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Nick Cave and the key of silencing the voice of doubt

This article has been translated from our Spanish edition using AI technologies. Errors can occur due to this process.

The opinions expressed by the entrepreneur's contributors are their own.

You doubt again.

About you, your voice and the promise you made to yourself so long ago after the world you believed was true collapsed in a loud way. Then, fresh from the position you held for years in a transnational corporation, the decision to fly alone (to achieve your dream of finally daring yourself to be yourself) seemed like the best option.

Despite what they told you the day you lost your job, you knew you were capable and talented. You were scared but sure that you jumped into the abyss of entrepreneurship. You plunged into those waters that looked calm, only to find that several meters deep there were strong currents and eddies that were pulling you away from the direction you wanted to go.

Down there, strange forces you did not know were questioning the old rules of the corporate world. Various monsters were chasing you and approaching you to intimidate you and force you to step back: clients more complex than any boss you've ever had, payments put on hold for months, projects only supported by an uncertain economic one Environment were overshadowed. Proposals worked, quoted and presented that from one day to the next they were turned into unfulfilled desires, projects that would never take place.

And on top of that, the voice was in you.

Intense, threatening and constant: a chant that reverberated in your skull and repeated the same thing over and over again. It was the voice of doubt that was intensified when an obstacle appeared in your path; The greatest challenge in the world of creators, artists and dreamers. Even with entrepreneurs.


Long ago, Nick Cave, the Australian singer and writer, was asked about his doubts about his own talent on The Red Hand Files, his personal blog. After making it clear that this was one of the most frequently asked questions (dark, poetic, and twisted, Nick Cave's style of music is definitely not for everyone), he started talking about this voice that most of us hear when it shows up. the first complications.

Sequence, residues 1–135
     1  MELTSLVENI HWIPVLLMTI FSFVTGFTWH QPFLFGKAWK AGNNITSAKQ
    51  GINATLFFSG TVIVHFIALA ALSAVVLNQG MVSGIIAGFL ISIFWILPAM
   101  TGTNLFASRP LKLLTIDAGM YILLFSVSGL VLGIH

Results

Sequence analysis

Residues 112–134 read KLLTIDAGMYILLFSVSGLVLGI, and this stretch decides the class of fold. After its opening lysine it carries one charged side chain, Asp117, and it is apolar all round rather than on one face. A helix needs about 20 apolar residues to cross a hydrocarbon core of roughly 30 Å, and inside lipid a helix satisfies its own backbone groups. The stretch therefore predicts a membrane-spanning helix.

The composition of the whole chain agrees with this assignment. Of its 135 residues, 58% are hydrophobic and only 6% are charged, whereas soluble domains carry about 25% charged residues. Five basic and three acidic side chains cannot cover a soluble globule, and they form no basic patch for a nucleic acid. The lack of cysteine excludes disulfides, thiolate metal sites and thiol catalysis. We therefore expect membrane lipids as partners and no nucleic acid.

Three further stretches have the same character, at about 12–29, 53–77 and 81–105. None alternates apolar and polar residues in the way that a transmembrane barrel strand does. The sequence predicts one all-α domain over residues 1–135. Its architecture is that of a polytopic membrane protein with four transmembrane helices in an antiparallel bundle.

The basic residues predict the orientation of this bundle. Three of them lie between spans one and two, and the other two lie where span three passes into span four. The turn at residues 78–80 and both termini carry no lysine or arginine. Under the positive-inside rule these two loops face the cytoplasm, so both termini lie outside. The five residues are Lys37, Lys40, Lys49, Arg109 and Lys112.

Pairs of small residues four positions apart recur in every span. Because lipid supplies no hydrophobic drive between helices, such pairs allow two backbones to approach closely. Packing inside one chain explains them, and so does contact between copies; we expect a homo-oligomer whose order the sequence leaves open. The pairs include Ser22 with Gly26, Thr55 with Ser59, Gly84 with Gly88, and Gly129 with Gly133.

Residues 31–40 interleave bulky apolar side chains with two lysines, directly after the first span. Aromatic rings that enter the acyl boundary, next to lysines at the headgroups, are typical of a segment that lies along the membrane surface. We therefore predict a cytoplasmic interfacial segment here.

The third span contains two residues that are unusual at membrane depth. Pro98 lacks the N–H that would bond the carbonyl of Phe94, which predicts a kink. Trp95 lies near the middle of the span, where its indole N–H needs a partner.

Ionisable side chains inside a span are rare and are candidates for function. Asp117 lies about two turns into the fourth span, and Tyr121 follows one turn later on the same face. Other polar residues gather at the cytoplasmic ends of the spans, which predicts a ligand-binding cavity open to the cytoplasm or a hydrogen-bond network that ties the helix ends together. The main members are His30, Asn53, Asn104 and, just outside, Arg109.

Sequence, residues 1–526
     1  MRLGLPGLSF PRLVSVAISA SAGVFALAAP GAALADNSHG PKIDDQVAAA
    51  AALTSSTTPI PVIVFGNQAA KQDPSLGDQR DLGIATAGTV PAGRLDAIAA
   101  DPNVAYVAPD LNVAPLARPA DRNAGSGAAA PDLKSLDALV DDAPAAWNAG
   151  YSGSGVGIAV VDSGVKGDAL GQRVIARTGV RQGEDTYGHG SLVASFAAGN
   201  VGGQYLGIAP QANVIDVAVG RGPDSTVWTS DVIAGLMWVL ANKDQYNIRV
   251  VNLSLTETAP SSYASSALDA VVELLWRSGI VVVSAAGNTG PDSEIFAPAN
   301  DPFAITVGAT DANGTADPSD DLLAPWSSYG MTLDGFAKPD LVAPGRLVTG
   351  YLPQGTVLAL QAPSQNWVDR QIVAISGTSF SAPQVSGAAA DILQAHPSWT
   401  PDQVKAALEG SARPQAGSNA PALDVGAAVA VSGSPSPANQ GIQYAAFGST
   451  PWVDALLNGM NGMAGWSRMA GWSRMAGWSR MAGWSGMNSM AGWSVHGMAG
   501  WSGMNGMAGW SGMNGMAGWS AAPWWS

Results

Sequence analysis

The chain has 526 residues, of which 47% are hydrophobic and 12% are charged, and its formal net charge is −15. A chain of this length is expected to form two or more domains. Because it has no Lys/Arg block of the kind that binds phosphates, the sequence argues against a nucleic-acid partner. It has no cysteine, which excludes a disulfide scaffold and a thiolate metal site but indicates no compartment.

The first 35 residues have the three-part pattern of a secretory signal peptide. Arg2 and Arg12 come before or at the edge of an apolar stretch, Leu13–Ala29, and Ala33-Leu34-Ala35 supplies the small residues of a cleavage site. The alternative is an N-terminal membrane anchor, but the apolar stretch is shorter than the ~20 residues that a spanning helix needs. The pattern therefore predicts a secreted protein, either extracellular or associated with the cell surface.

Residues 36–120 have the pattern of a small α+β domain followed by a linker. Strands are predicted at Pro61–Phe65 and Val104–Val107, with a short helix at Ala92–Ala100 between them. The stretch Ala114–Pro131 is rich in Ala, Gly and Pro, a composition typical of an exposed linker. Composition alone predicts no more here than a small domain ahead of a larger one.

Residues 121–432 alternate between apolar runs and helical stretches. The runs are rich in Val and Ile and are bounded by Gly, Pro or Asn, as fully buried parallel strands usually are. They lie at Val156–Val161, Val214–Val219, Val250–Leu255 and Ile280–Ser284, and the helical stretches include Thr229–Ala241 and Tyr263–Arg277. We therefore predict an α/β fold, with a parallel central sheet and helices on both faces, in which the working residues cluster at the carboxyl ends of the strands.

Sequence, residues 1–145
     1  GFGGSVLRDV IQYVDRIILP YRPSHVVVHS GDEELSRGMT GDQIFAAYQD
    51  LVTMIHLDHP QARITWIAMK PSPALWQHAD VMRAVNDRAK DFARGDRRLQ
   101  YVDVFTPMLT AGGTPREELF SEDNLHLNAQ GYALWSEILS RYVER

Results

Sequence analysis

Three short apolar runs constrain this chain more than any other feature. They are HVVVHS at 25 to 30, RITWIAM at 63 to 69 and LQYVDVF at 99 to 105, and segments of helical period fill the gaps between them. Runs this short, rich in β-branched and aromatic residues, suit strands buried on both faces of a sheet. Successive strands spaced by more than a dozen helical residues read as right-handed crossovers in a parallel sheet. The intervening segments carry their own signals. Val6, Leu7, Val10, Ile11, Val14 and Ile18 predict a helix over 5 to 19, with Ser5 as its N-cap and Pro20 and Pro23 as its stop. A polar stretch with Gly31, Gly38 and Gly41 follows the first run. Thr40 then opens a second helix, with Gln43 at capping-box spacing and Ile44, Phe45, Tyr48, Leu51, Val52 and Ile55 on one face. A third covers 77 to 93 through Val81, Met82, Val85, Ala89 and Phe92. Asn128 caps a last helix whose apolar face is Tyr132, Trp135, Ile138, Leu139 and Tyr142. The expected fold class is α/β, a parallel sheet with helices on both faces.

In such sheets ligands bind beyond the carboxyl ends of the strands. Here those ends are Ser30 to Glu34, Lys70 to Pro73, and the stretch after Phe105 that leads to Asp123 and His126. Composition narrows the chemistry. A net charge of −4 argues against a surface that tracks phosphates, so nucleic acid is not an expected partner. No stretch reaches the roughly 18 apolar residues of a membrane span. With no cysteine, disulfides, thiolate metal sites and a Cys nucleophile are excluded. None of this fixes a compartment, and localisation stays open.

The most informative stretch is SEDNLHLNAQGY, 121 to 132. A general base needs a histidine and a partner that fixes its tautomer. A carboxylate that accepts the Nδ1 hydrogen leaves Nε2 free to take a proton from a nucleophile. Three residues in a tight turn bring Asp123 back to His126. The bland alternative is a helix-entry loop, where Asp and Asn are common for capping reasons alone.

A criticism, a comment or the lack of likes are enough for the voice of the little gandal that lives within us to reinforce and break down the trust in ourselves that we have built over time and with a lot of work. According to Cave, this Gandal is a homunculus (a little man) who repeats the same thing over and over. Sometimes he screams it, sometimes he whispers it. Sometimes he keeps saying it as we try to fall asleep, "Leave it alone, you are not and will never be good enough."

The annoying chant of that terrible voice is followed by the natural reaction of doubt. When we hear it, we withdraw and flee wounded into the depths of us. Frightened, we seek solace in the solitude of our complicated labyrinth and knowing that we are absolutely vulnerable, we hide at least until there is silence in our skull and the echo of his words has disappeared.

The problem is that the only way to silence him completely is to abandon our ideal. The idea of ​​writing a song, making a film, painting a picture that could bring a heart turned to stone back to life. The only way to permanently silence the voice of doubt is to forego the idea of ​​doing this project that is so close to our hearts.

In his little text, Nick Cave explains that this voice is the real enemy of striving. A cruel order that commands us to distance ourselves from a possibly better version of ourselves. Without realizing it, many of us fall for our game and fearfully give up.

The most dramatic – warns Cave – is that this annoying voice is really our inner voice. Each of us is our own homunculus, our own Gandal, our own critic. The aversions don't have to come from abroad. We constantly judge ourselves, we disqualify ourselves, we ridicule our efforts. We deny our little successes and have managed to fall apart without the help of others.

We'll lose the fight before we've fought it.

For Nick Cave, the beginning of his work (a song, a novel, a company) is a declaration of war. A bloody fight between your true self and the Gandal screaming from within. But this ruthless fight is absolutely necessary. The true power of creation arises from this tension between the two beings.

If you allow your homunculus to win the battle when you surrender to bitter self-criticism, you run the risk of existing defeated and frustrated, and punishing yourself forever with dislikes like a little tyrant. But if you believe in yourself, if you have the courage to fight the dark echoes of doubt that you create, sooner or later you will find that in the process you have created something unique, beautiful and valuable.

Nick Cave closes his line by reminding us that it is our responsibility and no one else to kick the little Gandal inside of us as often as necessary to silence him.

Next time in doubt, you know what to do.

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